Long have historians, archaeologists and Age of Empires enthusiasts pondered the question of the best archery units in history.
The task of answering this question can seem easy when first posed, but after only a little thought, more and more issues may present themselves.
First, the huge number of archery units to choose from. The bow and arrow has been used in warfare across much of the world for thousands and thousands of years. We have Egyptian chariot archers, Welsh Longbowmen, and Greek Cretan Bowmen. There are a lot of data points to cover and frankly, I am no historian.
Second, how exactly do we compare archery units separated by thousands of years of history? Do we pose the question to a big computer games company and have some professional nerds thrash it out in some weird battle royal/capture the flag scenario for the title of best archery unit in history.
Third, how do we even define best? Best is a terribly subjective term wrapped up in our case by personal bias, national ideology, and computer game preference.
The truth of the matter is that the task is nigh on impossible and we are never going to please everyone with our selection. That being said, we hope that in some small way you may find common ground with us here. But if you don’t there is always the comments section below to mouth off about how Welsh Longbowmen are sooooo overated. Enjoy!
Read on to see our list of the 7 best archery units in history.
The 7 Best Archery Units in History
#7 – Scythian Horse Archers
The Scythians were a people from Central Eurasia who lived in a wide territory encompassing the area of nowadays Iran, southern Russia, Ukraine, and the Black Sea.
Great conquerors, the Scythians were once called “the people with the greatest might” by a famous Greek orator. They were also some of the first proven mounted archers of Antiquity.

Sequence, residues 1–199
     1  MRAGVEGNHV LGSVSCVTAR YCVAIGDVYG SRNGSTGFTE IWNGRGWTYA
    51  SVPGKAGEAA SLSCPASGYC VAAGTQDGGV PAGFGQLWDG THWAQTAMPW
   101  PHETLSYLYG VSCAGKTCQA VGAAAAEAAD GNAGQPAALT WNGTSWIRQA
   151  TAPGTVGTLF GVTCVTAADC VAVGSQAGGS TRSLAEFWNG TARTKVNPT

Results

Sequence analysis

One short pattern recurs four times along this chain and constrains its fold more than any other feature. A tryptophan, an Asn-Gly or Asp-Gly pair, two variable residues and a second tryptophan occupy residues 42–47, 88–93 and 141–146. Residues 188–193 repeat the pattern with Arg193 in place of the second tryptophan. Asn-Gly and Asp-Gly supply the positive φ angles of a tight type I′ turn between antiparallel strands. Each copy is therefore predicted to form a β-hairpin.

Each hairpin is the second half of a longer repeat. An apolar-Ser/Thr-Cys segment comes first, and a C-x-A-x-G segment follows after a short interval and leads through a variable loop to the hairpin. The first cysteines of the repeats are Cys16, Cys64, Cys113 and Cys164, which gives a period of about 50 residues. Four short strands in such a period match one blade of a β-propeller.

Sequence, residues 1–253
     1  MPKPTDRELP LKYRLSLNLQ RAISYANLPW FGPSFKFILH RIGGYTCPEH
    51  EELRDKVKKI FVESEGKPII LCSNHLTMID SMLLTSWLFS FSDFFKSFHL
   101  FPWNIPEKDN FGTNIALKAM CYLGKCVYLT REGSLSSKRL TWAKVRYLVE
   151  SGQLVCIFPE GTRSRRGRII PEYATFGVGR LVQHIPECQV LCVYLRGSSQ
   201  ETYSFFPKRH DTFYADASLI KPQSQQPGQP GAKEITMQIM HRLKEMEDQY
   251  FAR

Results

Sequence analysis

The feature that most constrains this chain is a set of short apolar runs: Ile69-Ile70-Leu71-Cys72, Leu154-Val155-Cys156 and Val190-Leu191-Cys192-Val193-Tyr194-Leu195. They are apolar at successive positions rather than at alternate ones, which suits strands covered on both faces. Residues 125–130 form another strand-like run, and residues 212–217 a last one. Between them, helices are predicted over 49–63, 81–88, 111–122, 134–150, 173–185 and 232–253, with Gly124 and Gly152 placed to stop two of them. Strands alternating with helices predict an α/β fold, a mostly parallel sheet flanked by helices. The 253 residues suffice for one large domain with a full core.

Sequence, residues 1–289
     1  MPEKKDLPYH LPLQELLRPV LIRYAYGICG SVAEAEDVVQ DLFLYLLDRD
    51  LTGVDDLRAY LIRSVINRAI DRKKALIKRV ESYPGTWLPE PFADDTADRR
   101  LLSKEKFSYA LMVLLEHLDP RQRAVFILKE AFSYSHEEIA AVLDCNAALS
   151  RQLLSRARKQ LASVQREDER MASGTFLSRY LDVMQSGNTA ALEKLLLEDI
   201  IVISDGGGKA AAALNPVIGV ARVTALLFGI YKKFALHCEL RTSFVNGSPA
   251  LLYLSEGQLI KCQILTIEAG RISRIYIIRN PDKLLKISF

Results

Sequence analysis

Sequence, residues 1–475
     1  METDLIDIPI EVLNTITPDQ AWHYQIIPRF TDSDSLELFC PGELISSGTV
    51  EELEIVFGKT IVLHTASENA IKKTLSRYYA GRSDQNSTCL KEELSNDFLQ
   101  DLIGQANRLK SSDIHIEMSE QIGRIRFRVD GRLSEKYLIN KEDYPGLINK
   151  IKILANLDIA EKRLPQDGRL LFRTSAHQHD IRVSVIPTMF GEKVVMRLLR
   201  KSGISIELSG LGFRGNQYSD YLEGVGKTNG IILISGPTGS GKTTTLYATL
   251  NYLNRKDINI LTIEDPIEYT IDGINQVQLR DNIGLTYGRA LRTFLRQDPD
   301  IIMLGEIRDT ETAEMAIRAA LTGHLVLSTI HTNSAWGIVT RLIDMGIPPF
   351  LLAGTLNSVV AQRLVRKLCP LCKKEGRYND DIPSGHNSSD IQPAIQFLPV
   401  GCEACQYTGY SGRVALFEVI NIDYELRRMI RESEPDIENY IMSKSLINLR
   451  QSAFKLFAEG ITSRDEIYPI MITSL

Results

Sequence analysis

Think of it! Shooting arrows with both feet planted firmly on the ground seems hard enough sometimes, let alone trying to coordinate it with riding. Scythian bowmen wore light gear that included a unique covered quiver and shot from horseback in a half-kneeling position.
These skilled and famous archers were often hired as mercenaries by cities and kingdoms: even the great Athens had a force composed of Scythian bowmen!
#6 – Parthian Horse Archers
The Parthian Empire was a force to be reckoned with in Western Asia, to the south of Scythia. With the help of their mounted archery units, they conquered great expanses of land.
Parthian horse archers were commoners who, as a rule, only wore trousers and a light tunic into battle. Talk about courage! Thanks to these archers, their Empire defeated a much bigger Roman army at the Battle of Carrhae.
What’s so special about Parthian archers? They invented the technique known, not so creatively, as the “Parthian shot”. This required incredible skill and involved the horsemen pretending to flee, only to turn their torsos and shoot backward into the advancing enemy forces.
#5 – Egyptian Chariot Archers
Ancient Egypt might be one of the most mysterious and misunderstood nations in history. Most of what we know comes from popular culture and is often wrong!
One true bit—unlike cursed, resurrecting mummies— is that they used chariot riding as a standard military tactic. The benefits of this are extremely high mobility, a higher vantage point, and strength to break into enemy lines.